Puzzle platformers are a gaming subgenre that I’ve had my eye on ever since I first discovered the joys of Portal. I’ve had some good and bad experiences with a few other titles in their fields, but few have pulled me in so completely as when I first saw the trailer for Contrast. I fell for its noir ethos and its black shadows set against orange lighting in a cool urban environment, as well as the deeper story being hinted at.
In the game, you play Dawn, the imaginary friend of a little girl named Didi Malenkaya. Didi’s father ran off, leaving her nightclub singer mother to fend for herself. One night, as Didi and Dawn follow her mother around the city, they unravel the mystery behind Didi’s missing father, the gangsters he’s involved with, and the circus he’s trying to put together that’ll erase his debts and make everything better for his family. All while Dawn hops in and out of shadows, making Didi’s wishes come true and bringing her family back together once more.
Here’s what I got out of my playthrough of Contrast.
A very cool, imaginative atmosphere.
The way this game looks and sounds is phenomenal. From the sharp definition of every shadow to the jazzy soundtrack (even in the intro screen), Contrast has a distinct tone that evokes an older setting and time. I love the silhouetted nightclub singers, the gangsters, and the world-renowned illusionists who populate this nutty little noir world.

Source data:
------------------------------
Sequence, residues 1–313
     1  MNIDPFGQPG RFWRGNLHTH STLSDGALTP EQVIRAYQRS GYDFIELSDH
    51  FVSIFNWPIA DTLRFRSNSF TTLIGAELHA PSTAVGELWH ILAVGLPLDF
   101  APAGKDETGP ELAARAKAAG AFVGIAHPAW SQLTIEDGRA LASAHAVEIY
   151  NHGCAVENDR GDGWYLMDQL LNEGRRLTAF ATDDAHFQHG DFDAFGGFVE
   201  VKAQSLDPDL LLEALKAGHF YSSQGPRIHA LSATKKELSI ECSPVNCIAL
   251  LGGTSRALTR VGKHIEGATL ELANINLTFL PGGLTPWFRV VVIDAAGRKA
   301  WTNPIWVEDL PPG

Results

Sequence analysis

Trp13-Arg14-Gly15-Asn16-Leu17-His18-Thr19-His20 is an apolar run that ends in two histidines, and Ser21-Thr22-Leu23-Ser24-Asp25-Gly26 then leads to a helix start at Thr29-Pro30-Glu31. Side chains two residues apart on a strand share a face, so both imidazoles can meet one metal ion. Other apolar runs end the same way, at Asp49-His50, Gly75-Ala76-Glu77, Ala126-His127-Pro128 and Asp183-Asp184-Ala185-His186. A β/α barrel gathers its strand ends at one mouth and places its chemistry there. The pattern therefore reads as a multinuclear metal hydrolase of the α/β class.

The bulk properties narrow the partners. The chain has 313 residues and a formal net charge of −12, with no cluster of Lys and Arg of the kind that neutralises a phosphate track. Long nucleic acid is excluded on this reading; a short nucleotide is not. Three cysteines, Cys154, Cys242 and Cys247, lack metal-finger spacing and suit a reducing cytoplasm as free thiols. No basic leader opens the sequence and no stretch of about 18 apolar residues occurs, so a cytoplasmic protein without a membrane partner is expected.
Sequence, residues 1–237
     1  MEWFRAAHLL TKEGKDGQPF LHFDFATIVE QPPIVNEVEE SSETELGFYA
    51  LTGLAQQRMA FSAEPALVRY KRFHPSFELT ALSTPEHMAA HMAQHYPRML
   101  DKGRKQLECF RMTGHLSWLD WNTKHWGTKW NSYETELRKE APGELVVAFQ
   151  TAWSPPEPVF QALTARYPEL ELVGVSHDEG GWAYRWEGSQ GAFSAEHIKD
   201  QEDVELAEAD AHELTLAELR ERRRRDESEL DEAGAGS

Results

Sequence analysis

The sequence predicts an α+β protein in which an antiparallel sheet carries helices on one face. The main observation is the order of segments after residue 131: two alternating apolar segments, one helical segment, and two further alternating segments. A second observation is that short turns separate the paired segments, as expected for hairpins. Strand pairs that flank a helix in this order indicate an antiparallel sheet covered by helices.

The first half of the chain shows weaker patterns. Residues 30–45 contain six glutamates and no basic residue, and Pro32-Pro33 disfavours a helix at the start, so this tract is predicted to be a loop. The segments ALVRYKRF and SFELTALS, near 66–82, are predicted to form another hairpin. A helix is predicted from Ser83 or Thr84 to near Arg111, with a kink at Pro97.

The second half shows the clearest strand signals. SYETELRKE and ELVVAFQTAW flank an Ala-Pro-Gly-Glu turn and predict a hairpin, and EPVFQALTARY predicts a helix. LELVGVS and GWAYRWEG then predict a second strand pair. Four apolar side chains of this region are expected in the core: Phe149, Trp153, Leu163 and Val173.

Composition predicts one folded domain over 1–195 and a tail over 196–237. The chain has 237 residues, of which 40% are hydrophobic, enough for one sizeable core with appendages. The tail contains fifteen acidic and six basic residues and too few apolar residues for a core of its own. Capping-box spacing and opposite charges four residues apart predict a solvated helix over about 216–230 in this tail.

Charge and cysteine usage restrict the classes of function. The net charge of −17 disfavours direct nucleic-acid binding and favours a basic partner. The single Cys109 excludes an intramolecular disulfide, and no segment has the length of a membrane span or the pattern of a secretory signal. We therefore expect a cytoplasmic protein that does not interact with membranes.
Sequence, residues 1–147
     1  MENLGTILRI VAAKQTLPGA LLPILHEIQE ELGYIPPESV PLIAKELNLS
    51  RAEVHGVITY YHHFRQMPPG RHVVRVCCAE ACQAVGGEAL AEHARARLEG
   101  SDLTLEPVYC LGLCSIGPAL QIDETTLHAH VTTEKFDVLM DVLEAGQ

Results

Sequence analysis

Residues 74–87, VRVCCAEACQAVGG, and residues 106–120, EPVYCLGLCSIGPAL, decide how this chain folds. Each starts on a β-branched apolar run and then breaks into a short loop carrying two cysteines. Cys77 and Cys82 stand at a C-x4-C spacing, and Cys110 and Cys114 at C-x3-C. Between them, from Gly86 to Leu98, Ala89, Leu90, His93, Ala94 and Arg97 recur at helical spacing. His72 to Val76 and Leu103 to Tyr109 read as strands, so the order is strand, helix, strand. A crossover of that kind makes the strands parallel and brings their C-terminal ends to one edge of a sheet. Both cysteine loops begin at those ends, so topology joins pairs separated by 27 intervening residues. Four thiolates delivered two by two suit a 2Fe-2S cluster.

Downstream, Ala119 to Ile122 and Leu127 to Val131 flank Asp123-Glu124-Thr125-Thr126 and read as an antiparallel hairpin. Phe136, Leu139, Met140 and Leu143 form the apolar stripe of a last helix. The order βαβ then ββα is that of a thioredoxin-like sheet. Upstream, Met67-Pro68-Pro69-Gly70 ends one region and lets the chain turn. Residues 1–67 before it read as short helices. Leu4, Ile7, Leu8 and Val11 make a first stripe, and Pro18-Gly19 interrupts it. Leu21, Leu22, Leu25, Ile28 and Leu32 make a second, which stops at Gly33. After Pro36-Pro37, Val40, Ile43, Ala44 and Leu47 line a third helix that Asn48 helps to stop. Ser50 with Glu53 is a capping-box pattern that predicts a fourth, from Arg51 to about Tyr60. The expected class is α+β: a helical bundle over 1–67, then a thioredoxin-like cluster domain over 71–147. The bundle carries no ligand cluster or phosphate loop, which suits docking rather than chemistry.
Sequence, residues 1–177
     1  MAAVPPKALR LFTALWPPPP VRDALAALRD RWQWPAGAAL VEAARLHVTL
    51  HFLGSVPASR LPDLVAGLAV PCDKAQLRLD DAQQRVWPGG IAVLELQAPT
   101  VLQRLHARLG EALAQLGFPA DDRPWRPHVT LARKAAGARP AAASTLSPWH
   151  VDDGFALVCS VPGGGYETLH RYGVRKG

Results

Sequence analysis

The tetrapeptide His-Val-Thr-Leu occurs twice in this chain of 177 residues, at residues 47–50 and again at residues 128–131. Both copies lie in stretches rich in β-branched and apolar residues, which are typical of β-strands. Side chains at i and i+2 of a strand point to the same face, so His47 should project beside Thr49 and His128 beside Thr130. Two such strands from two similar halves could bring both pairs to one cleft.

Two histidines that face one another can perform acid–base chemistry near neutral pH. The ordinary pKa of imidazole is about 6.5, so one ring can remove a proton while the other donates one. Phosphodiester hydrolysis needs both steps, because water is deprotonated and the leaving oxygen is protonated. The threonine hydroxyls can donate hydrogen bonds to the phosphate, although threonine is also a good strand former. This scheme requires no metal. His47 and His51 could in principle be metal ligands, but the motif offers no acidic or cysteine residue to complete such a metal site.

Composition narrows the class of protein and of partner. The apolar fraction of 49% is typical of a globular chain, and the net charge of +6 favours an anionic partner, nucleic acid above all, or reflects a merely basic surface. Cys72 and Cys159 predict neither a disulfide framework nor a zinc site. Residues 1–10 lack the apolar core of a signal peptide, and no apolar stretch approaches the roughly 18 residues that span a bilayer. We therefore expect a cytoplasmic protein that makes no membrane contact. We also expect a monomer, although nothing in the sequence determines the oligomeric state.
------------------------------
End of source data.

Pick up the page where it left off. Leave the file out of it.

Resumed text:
A silent protagonist with a twist.
Another cool thing is the way our player character, Dawn, is established. She first appears in the context of being Didi’s imaginary friend—something we can relate to most kids having at one time or another. However, as time goes on, we begin to see that Dawn has a lot more control over the physical world than any mere figment of a little girl’s imagination. She also, as it turns out, has a very relevant backstory that ties into Didi’s troubled family history, but we don’t really find this out until close to the end of the game.
Shadow-jumping that’s good and not so good.
On paper—and in the first time playing it—the idea of jumping in and out of shadows is pretty awesome. Much like using momentum to play with the environment in Portal, the shadows in Contrast use light and angles to create a whole new environment for Dawn to traverse and manipulate. Plus, any game that really knows how to use chiaroscuro is going to be fantastic in my book.
But then there are the actual puzzles and jumps that make up the core gameplay mechanic. Much like Limbo, you have to get through a mostly 2D setting with a keen sense of timing and moving objects in and out of shadow to get from Point A to Point B, or to avoid the deadly trap around Point C.
For me, that’s where I had the most frustration. I’m not a fan of the millisecond-precise timing that this game often demands, not to mention some of the jumps or boundaries aren’t so clear, even though it’s dark shadow set against bright lights. Of course, once you know the controls (and don’t face too many glitches, like at the end), the game goes very fast.
A game that requires and rewards your imagination
After a few hours of gameplay, I find the world and story of Contrast to be a nice romp, bouncing between shadows and the colorful world, as well as the worlds of both children and adults. While I did have some trouble with the gameplay, I don’t think it hurts the game at all and most players will probably get a lot of enjoyment out of the puzzles and shadow-jumping mechanic. It’s an experience where I could just sit and be engrossed in the chiaroscuro effects all day long.
Bibliography: Contrast (video game). Developed by Compulsion Games. Published by Focus Home Interactive. Unreal Engine 3 (engine). Microsoft Windows, PlayStation 3, PlayStation 4, Xbox 360, and Xbox One (platforms). US release date: November 15, 2013.